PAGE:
Detroit reports no new COVID-19 deaths; Michigan reports 11 statewide
For the first time since the COVID-19 pandemic hit Detroit, the city on Sunday reported no additional deaths from the virus to its daily count.
There is, however, a delay in reporting, and there might be deaths that have not been accounted for, city officials noted.
"The data is encouraging, but is preliminary and subject to change," Detroit's Chief Public Health Officer Denise Fair said. "That's why we prefer to use weekly numbers as a more reliable measure of trends.
"We strongly encourage residents to continue taking precautions to protect against the virus until the threat of infection has passed."
Detroit's death toll remains at 1,257. The city added 22 confirmed cases on Sunday, a decline from the 92 cases reported Friday, bringing the total of COVID-19 cases to 10,373.
In the past seven days, 44 deaths have occurred in the hard-hit city, showcasing a decline in deaths from the week prior, according to the city's data.
Michigan and Detroit have not reported numbers as low as Sunday's since March, when the pandemic began, data shows.
Michigan's death toll reached 4,891 on Sunday after the state added 11 deaths to its count with none from Detroit. Eleven deaths are the lowest daily additions for the state since March 24, data shows.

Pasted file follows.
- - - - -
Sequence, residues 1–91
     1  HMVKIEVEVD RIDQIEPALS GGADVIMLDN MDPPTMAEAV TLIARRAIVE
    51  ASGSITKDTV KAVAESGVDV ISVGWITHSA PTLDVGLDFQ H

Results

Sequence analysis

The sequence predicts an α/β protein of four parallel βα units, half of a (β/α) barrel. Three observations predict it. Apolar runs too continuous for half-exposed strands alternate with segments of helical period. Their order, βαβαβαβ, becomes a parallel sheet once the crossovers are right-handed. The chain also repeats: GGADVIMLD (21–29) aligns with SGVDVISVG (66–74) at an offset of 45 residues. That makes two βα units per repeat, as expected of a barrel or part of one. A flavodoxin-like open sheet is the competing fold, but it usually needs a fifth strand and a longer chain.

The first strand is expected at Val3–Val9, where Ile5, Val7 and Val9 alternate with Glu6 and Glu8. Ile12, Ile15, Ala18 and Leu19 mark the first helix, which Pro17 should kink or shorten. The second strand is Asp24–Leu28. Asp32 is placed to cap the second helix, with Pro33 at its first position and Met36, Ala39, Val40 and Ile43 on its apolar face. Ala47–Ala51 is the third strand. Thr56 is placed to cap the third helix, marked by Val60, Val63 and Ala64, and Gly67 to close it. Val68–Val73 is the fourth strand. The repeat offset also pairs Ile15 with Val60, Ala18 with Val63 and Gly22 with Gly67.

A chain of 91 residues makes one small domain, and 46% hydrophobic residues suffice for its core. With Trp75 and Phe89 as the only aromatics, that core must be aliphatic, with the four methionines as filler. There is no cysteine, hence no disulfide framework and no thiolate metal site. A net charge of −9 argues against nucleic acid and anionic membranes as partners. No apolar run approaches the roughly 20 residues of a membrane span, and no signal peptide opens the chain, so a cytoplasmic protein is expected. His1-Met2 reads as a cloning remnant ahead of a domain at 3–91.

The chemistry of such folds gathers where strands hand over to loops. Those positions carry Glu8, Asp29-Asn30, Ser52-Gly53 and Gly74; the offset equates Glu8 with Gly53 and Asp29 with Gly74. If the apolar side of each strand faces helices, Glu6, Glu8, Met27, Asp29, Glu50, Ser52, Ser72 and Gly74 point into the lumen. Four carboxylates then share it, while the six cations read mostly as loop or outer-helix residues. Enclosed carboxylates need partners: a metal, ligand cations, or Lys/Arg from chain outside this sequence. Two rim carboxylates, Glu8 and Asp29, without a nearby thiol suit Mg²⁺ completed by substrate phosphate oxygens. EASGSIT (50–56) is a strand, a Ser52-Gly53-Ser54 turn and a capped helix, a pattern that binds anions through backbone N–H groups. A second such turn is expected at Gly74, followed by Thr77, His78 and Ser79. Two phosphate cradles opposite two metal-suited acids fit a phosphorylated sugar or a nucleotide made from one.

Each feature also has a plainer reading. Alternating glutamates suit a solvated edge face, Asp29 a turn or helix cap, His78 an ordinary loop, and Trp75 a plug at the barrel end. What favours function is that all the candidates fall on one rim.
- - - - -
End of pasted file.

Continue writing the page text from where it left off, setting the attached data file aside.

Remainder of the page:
The state also confirmed 638 new cases of the illness, bringing its cumulative total cases to 51,142, according to state data.
The number of deaths is a decrease from Saturday when the state recorded 55 new deaths.Meanwhile, the number of new cases rose from Saturday when the state reported 425 new cases.
As Detroit trends toward fewer cases and deaths, officials closed the 1,000-bed TCF Center field hospital in the city's downtown after it discharged its last COVID-19 patient on May 7. At most, the care center inside the convention center cared for about 15 to 20 patients at any given time with a total of 39 patients treated, Detroit Mayor Mike Duggan said.
Meanwhile, the number of confirmed COVID-19 cases in Michigan exceeded 50,000 on Friday, but daily reports of new deaths have slowed in recent days.
The newest data on COVID-19 testing in Michigan available showed a spike in testing on Wednesday. The state reported 23,647 tests performed Wednesday, the most in a single day yet.
According to the state's numbers, 10.7% of the tests returned positive results. Michigan had previously reported 12 straight days with less than 10% of tests being positive. The state's overall fatality rate is 10% with the average age of victims being 75 years old.
Michigan continued Saturday to rank seventh nationally for the number of cases and fourth for the number of deaths, according to tracking by Johns Hopkins University. In deaths, Michigan was behind New York, New Jersey and Massachusetts.
Wayne County ranks fifth for the most deaths in a county at 2,212 coronavirus-related deaths.
As of Friday, 28,234Michigan residents were considered "recovered" from COVID-19, meaning they were still alive 30 days after the onset of illness. The department doesn't have data on recoveries by county and updates the recovery numbers on Saturdays.